Looking at retirement
Start planning your retirement today
|Early career||Have a savings plan and start putting money aside for retirement. The earlier you begin to save, the more financially secure you will be in retirement.
Start planning what you want to do during your retirement – will you pursue a hobby, travel, volunteer or work part-time. This will help you with your planning.
Example: Paul is in mid-career and he wants to pursue his hobby of woodworking when he retires. His daughter has just bought a house and he plans to help her with some renovations. Paul’s desired monthly retirement income in today’s dollars is $3,210 per month, approximately 70 per cent of what he currently earns. Paul expects to receive the following retirement income.
Yearly gross income before retirement
Planned retirement income (70% of current income)
Paul will need to save approximately $14,000* in today’s dollars to receive $79* per month starting at age 65.
*These numbers are used for illustration purposes only and are based on the maximum benefits for 2012 for the CPP and OAS.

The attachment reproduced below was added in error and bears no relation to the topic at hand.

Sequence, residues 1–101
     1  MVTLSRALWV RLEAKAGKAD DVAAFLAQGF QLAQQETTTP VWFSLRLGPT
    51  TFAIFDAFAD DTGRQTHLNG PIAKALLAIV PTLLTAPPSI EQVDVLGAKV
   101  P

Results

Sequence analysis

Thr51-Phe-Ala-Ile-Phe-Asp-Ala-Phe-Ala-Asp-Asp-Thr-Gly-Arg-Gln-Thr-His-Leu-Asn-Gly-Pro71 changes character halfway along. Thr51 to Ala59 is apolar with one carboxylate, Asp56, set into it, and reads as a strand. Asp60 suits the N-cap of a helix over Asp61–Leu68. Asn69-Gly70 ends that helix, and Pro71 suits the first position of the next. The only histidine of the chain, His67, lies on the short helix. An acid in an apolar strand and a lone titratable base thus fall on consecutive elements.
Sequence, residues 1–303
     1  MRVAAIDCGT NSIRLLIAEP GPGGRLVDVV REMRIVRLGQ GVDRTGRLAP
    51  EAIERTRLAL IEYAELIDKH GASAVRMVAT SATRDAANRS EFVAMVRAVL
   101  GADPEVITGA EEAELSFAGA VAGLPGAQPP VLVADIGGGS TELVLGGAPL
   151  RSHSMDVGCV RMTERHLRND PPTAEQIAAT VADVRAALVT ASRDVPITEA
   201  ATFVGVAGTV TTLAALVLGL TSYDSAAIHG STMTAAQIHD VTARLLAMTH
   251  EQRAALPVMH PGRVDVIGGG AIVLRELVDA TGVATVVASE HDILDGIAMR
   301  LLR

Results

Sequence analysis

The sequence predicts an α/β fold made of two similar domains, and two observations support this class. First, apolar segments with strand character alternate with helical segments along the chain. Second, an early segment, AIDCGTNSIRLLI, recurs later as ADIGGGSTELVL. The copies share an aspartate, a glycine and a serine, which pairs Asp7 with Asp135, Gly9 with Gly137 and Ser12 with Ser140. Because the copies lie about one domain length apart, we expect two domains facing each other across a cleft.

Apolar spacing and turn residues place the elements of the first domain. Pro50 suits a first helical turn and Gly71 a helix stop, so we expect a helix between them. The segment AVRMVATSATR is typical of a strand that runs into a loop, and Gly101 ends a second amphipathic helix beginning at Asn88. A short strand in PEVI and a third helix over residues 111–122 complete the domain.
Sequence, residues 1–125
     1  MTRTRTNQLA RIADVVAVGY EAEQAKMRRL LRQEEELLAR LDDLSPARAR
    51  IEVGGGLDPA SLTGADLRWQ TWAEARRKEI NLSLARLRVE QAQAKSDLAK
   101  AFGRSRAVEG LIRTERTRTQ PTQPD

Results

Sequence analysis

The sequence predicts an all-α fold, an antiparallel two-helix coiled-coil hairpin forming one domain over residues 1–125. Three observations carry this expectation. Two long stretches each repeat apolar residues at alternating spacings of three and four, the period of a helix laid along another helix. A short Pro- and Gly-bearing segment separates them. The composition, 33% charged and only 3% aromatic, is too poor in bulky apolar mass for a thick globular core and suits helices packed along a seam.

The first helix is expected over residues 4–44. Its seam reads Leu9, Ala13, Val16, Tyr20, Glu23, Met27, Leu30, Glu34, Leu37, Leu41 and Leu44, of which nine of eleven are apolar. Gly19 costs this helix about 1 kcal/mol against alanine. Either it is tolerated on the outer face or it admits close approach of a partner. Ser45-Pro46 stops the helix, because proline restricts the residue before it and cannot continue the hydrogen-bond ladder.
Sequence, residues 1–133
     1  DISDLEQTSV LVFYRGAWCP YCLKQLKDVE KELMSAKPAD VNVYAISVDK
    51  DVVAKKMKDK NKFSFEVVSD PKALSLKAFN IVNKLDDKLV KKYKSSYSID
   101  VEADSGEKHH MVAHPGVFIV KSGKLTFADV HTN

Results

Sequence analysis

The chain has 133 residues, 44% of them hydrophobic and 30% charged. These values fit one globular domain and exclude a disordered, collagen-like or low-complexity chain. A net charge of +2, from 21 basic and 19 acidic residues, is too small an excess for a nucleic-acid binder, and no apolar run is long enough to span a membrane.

|Late-career||Fine tune your financial preparations so you can achieve your lifestyle plan. Begin to enjoy the activities you have planned for a smooth transition to retirement.|
Financial and retirement planning facts
Recent reports suggest that nearly a third of young Canadians have not saved any money for retirement, even though many say they want to leave the workforce before age 60. The reality is that Canadians are living longer and spending more time in retirement.
Your retirement income can come from three sources
How much do I need to retire?
It depends on how you want to spend your time in retirement. While some expenses typically disappear in retirement (e.g. mortgage payments), other expenses, such as travel or leisure, often increase. Many financial planners estimate that you will need 60 to 80 per cent of pre-retirement earnings to maintain the same lifestyle after you retire.
You can calculate how much you can expect to receive from all retirement income sources, including CPP/QPP and OAS, your Canada Post pension and other employer-sponsored pension plans, and your personal savings, with Service Canada’s Canadian Retirement Income Calculator.
You may wish to discuss your retirement plans and retirement planning options with a personal financial advisor. You are responsible for any costs associated with seeking such advice. If you don’t have a financial advisor, the Employee Assistance Program (EAP) can help you.